ADAMS, Mass. — The Roman Catholic Diocese of Springfield is taking precautions in line with the state's reopening plan it begins to resume worship within its churches.
The diocese's parishes were closed mid-March along with other defined "nonessential" operations as Massachusetts officials sought to contain the spread of the novel coronavirus and "flatten the curve" of hospitalizations during the pandemic.
"I was pleased to learn that the opening of churches will be part of the first phase of the state's reopening measures," said Bishop Mitchell T. Rozanski in a statement on Monday. "In recent days, we have asked parishes to begin planning for their reopening, taking into account limited capacity and social distancing, as well as cleaning procedures after every public use of the church. ...
"It is important that our churches must be in full compliance before we resume public Masses."
The reopening advisory board appointed by Gov. Charlie Baker released a phased plan on Monday for different sectors of Massachusetts to begin resuming operations in the coming weeks. Places of worship were among the venues being allowed limited use beginning this week.
Churches, temples, mosques and other venues are limited to 40 percent of the occupancy at any one time; those not sharing a household must be seated at least 6 feet away from each other. Adults and older children must wear face coverings, including while entering and exiting, unless there is an existing health issue. Children younger than 2 should not be masked and it is at the guardian's discretion for children up to age 5.
Online services are still encouraged as much as possible and Rozanski said those who are most vulnerable to the disease should continue watching at home.
"I am extending the dispensation from the obligation to attend Sunday Mass even after we reopen out of an abundance of caution and concern for the most vulnerable who are most susceptible to contract this virus," he wrote.
Rozanski said parishes will be allowed to resume public Masses on Saturday at 4 p.m. but only if they have submitted "written assurance that they have met all the state, municipal and diocesan guidelines, and received a response giving permission to resume."
Because of this, some parishes may not be able to hold regular services until the following weekend.
Guidelines issued on May 15 will continue in effect and Masses will omit the Sign of Peace and Communion by cup, and holy water fonts will remain empty and covered. Communion will be allowed in hand only. Parishes will be allowed to add extra liturgies to accommodate capacity limitations but only after 4 p.m. on Saturdays and only if time for cleaning is set in between.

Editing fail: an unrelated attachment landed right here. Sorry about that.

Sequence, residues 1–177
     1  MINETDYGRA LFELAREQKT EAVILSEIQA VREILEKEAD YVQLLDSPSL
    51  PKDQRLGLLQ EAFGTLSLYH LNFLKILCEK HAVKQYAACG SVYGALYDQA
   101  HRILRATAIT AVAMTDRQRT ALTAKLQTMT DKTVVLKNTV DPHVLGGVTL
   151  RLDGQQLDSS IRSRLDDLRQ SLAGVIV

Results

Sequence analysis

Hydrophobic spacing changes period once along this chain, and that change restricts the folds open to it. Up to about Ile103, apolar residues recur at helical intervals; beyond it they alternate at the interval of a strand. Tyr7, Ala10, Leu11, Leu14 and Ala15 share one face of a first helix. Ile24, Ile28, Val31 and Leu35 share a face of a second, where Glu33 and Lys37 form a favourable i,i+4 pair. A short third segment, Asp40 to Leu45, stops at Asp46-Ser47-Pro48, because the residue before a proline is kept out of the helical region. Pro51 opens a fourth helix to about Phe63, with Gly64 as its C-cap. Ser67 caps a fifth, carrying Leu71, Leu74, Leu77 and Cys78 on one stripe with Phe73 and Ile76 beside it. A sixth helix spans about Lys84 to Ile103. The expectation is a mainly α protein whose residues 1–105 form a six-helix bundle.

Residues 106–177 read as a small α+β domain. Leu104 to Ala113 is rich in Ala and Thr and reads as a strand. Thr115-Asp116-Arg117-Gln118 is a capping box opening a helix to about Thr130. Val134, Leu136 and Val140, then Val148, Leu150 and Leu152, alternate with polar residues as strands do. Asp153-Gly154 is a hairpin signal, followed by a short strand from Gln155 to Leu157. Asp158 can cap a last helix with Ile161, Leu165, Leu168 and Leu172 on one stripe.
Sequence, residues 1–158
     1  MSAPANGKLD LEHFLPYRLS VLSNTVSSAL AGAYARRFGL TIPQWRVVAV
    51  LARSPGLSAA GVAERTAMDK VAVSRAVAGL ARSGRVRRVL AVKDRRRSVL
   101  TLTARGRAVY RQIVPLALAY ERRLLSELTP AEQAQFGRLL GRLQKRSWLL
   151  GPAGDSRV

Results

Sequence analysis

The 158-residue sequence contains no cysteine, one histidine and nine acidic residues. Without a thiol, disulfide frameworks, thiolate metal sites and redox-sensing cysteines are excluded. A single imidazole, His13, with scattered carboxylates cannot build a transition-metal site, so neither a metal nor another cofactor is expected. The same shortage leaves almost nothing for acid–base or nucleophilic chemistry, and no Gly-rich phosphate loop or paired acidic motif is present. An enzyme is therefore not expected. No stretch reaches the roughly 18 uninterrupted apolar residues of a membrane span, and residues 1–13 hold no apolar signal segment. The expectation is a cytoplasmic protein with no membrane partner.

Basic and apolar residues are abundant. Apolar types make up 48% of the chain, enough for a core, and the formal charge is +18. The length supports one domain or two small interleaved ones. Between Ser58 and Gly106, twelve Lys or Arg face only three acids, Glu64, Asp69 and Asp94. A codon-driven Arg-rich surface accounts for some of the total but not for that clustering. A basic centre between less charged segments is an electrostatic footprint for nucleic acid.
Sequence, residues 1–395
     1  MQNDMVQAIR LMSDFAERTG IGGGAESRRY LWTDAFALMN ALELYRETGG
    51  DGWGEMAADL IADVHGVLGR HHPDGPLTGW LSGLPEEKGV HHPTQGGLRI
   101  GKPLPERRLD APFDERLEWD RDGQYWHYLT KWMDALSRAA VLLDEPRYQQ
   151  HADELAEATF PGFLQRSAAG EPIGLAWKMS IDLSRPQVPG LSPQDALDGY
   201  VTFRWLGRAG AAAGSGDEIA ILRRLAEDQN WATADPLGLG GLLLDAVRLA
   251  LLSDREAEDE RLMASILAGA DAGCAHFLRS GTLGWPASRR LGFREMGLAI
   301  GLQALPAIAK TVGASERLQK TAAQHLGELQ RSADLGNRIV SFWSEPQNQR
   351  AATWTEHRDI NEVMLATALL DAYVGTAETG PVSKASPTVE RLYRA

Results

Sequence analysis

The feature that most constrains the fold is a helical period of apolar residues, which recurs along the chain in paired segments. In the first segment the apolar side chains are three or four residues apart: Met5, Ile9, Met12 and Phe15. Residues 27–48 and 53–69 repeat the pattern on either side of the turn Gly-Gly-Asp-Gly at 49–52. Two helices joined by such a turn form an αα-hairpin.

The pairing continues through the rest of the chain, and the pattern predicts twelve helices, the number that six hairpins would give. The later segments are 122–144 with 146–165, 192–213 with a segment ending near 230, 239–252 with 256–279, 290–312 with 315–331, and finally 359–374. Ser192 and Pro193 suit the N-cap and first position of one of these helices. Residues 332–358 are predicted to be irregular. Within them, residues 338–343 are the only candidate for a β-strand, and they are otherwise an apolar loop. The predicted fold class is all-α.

Priests will not be required to wear masks except during Communion as long as they maintain a 6-foot distance. The diocese has also set out guidelines for sacraments given in hospitals or other health care facilities. Any other parish activities and home visits are still not allowed.
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Adams Fire District Sets Virtual Review of Organizational Study
By Jack GuerinoiBerkshires Staff
ADAMS, Mass.— The Fire Department will hold a virtual meeting to go over some findings from the recent Organizational Assessment and Strategic Plan that could inform some changes within the Fire District.
"I really want to see the public join in on this Zoom meeting," Fire Chief John Pansecchi said. "It is important that they hear about this report and see that these problems are consistent across the country."
Municipal Resources Inc. of New Hampshire was hired to review the fire and rescue services provided to the town. The group developed a target hazard analysis, reviewed response metrics, evaluated the current facility, apparatus, budget, and conducted a number of interviews with various stakeholders.
The Fire Department will hold a virtual meeting to go over some findings from the recent Organizational Assessment and Strategic Plan that could inform some changes within the Fire District. click for more
Cariddi owned and operated Cariddi Auto in North Adams from 1982 until June of this year. He sold it to Hampshire Towing and, in order to stay busy during his retirement, opened a retail store in the heart of the Mother Town.
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Five Berkshire communities have received more than a half-million in state grants this week for streetscape improvements, including a $28,000 grant to Williamstown to turn a downtown street into a parklet. click for more
The run was a popular motorcycle ride that was an annual event in Berkshire County from 1982 until 2017. Originally a small group of friends, the ride quickly morphed into a 2,000-plus rider event that raised more than a half-million dollars for local charities, especially Shriners Hospital.
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There are restrictions on what the funds can be used for: to support public health expenditures; to address economic suffering caused by COVID-19; to replace lost public sector revenue; to provide premium pay for essential workers; and to invest in water, sewer, and broadband infrastructure. click for more